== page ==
Cicero, pro S. Roscio Amerino (English) (XML Header) [genre: prose] [word count] [Cic. S. Rosc.].
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92

I see therefore that there were many causes which urged that man to this crime. Let us now see whether he had any opportunity of committing it. Where was Sextus Roscius slain?—at Rome. What of you, O Roscius? Where were you at that time?—at Rome. But what is that to the purpose? many other men were there too. As if the point now were, who of so vast a crowd slew him, and as if this were not rather the question, whether it is more probable that he who was slain at Rome was slain by that man who was constantly at Rome at that time, or by him who for many years had never come to Rome at all?

93 Come, let us consider now the other circumstances which might make it easy for him. There was at that time a multitude of assassins, as Erucius has stated, and men were being killed with impunity. What!—what was that multitude? A multitude, I imagine, either of those who were occupied in getting possession of men's property, or of those who were hired by them to murder some one. If you think it was composed of those who coveted other men's property, you are one of that number,—you who are enriched by our wealth; if of those whom they who call them by the lightest name call slayers, inquire to whom they are bound, and whose dependents they are, believe me you will find it is some one of your own confederacy, whatever you say to the contrary, compare it with our defence, and by this means the cause of Sextus Roscius will be most easily contrasted with yours.

94 You will say, “what follows if I was constantly at Rome?” I shall answer, “But I was never there at all.” “I confess that I am a broker, but so are many other men also.” “But I, as you yourself accuse me of being, am a countryman and a rustic.” “It does not follow at once, because I have been present with a troop of assassins, that I am an assassin myself.” “But at all events I, who never had even the acquaintance of assassins, am far removed from such a crime.” There are many things which may be mentioned, by which it may be understood that you had the greatest facilities for committing this crime, which I pass over, not only because I do not desire to accuse, but still more on this account,—because if I were to wish to enumerate all the murders which were then committed on the same account as that on which Sextus Roscius was slain, I fear lest my speech would seem to refer to others also.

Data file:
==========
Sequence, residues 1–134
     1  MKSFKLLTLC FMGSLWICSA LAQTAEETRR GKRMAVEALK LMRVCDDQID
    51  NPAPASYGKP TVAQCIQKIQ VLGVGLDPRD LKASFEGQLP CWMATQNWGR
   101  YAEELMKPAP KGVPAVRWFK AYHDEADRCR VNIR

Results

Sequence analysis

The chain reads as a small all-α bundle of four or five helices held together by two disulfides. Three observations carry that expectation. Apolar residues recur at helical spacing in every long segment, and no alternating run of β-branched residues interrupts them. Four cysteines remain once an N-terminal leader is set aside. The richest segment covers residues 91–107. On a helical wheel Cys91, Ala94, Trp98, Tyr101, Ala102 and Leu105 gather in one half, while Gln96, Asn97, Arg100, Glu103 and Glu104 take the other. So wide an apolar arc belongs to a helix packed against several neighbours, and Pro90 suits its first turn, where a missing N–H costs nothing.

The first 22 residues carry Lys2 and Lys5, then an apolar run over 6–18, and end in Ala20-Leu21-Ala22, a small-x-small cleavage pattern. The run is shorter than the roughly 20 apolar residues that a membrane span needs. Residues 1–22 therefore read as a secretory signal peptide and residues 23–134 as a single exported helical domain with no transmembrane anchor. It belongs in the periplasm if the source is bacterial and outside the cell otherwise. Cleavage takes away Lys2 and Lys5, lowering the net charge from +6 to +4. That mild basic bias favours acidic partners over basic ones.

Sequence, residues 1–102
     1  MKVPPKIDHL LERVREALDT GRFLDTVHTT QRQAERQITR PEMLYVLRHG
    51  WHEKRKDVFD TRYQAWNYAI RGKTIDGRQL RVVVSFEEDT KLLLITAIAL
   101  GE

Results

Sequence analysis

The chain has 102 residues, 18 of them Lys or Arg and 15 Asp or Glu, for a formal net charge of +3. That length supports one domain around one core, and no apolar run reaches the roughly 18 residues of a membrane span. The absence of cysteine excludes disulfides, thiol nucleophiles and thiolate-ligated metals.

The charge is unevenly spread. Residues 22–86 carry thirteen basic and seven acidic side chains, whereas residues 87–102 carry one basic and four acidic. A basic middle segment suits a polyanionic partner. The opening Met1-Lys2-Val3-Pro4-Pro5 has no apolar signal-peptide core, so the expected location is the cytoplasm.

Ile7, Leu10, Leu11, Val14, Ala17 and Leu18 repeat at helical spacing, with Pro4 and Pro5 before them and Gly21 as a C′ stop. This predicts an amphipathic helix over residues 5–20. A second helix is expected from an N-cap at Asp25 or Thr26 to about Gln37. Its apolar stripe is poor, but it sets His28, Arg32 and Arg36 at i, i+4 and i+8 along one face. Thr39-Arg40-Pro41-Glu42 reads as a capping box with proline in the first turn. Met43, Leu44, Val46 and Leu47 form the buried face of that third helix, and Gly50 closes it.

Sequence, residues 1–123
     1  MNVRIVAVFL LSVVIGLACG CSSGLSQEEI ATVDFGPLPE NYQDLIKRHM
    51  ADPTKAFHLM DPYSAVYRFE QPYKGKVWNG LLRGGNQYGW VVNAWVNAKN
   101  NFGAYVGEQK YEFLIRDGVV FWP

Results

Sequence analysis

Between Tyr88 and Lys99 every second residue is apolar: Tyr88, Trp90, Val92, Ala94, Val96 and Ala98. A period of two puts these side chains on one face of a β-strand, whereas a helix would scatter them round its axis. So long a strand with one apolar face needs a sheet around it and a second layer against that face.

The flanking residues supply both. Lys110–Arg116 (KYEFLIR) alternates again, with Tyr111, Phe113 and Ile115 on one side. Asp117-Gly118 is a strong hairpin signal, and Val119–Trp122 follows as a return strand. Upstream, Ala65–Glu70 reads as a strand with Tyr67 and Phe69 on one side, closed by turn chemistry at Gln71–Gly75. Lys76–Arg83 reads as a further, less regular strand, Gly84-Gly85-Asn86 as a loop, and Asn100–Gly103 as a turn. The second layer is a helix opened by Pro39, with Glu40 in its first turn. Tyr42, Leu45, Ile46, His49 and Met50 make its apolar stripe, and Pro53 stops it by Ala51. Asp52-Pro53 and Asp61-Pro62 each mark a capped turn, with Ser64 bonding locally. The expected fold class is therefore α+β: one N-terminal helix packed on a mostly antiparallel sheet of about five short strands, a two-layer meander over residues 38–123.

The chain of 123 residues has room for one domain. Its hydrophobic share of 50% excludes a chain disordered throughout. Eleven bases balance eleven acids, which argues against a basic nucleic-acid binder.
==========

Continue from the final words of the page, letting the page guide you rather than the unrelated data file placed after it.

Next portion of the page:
ch. 34

95

Let us examine now briefly, as we have done in the other particulars, what was done by you, O Titus Roscius, after the death of Sextus Roscius; and these things are so open and notorious, that by the gods, O judges, I am unwilling to mention them. For whatever your conduct may be, O Titus Roscius, I am afraid of appearing to be so eager to save my client, as to be quite regardless whether I spare you or not. And as I am afraid of this, and as I wish to spare you in some degree, as far as I can, saving my duty to my client, I will again change my purpose. For the thoughts on your countenance present here occur to my mind, that you when all the rest of your companions were flying and hiding themselves in order that this trial might appear to be not concerning their plunder, not concerning this man's crime, should select this part above all others for yourself, to appear at the trial and sit with the accuser, by which action you gain nothing beyond causing your impudence and audacity to be known to all mortals.

96 After Sextus Roscius is slain, who is the first to take the news to Ameria? Mallius Glaneia, whom I have named before, your own client and intimate friend. What did it concern him above all men to bring the news of what, if you had not previously formed some plan with reference to his death and property, and had formed no conspiracy with any one else, having either the crime or its reward for its object, concerned you least of all men? Oh, Mallius brought the news of his own accord! What did it concern him, I beg? or, as he did not come to Ameria on account of this business, did it happen by chance that he was the first to tell the news which he had heard at Rome? On what account did he come to Ameria? I cannot conjecture, says he. I will bring the matter to such a point that there shall be no need of conjecture. On what account did he announce it first to Roscius Capito? When the house, and wife, and children of Sextus Roscius were at Ameria; when he had so many kinsmen and relations on the best possible terms with himself, on what account did it happen that that client of yours, the reporter of your wickedness, did it to Titus Roscius Capito above all men?

97 He was slain returning home from supper. It was not yet dawn when it was known at Ameria. Why was this incredible speed? What does this extraordinary haste and expedition intimate? I do not ask who struck the blow; you have nothing to fear, O Glaucia. I do not shake you to see if you have any weapon about you. I am not examining that point; I do not think I am at all concerned with that. Since I have found out by whose design he was murdered, by whose hand he was murdered I do not care. I assume one point, which your open wickedness and the evident state of the case gives me. Where, or from whom, did Glaucia hear of it? Who knew it so immediately? Suppose he did hear of it immediately; what was the affair which compelled to take so long a journey in one night? What was the great necessity which pressed upon him, so as to make him, if he was going to Ameria of his own accord, set out from Rome at that time of night, and devote no part of the night to sleep?

ch. 35



Cicero, pro S. Roscio Amerino (English) (XML Header) [genre: prose] [word count] [Cic. S. Rosc.].
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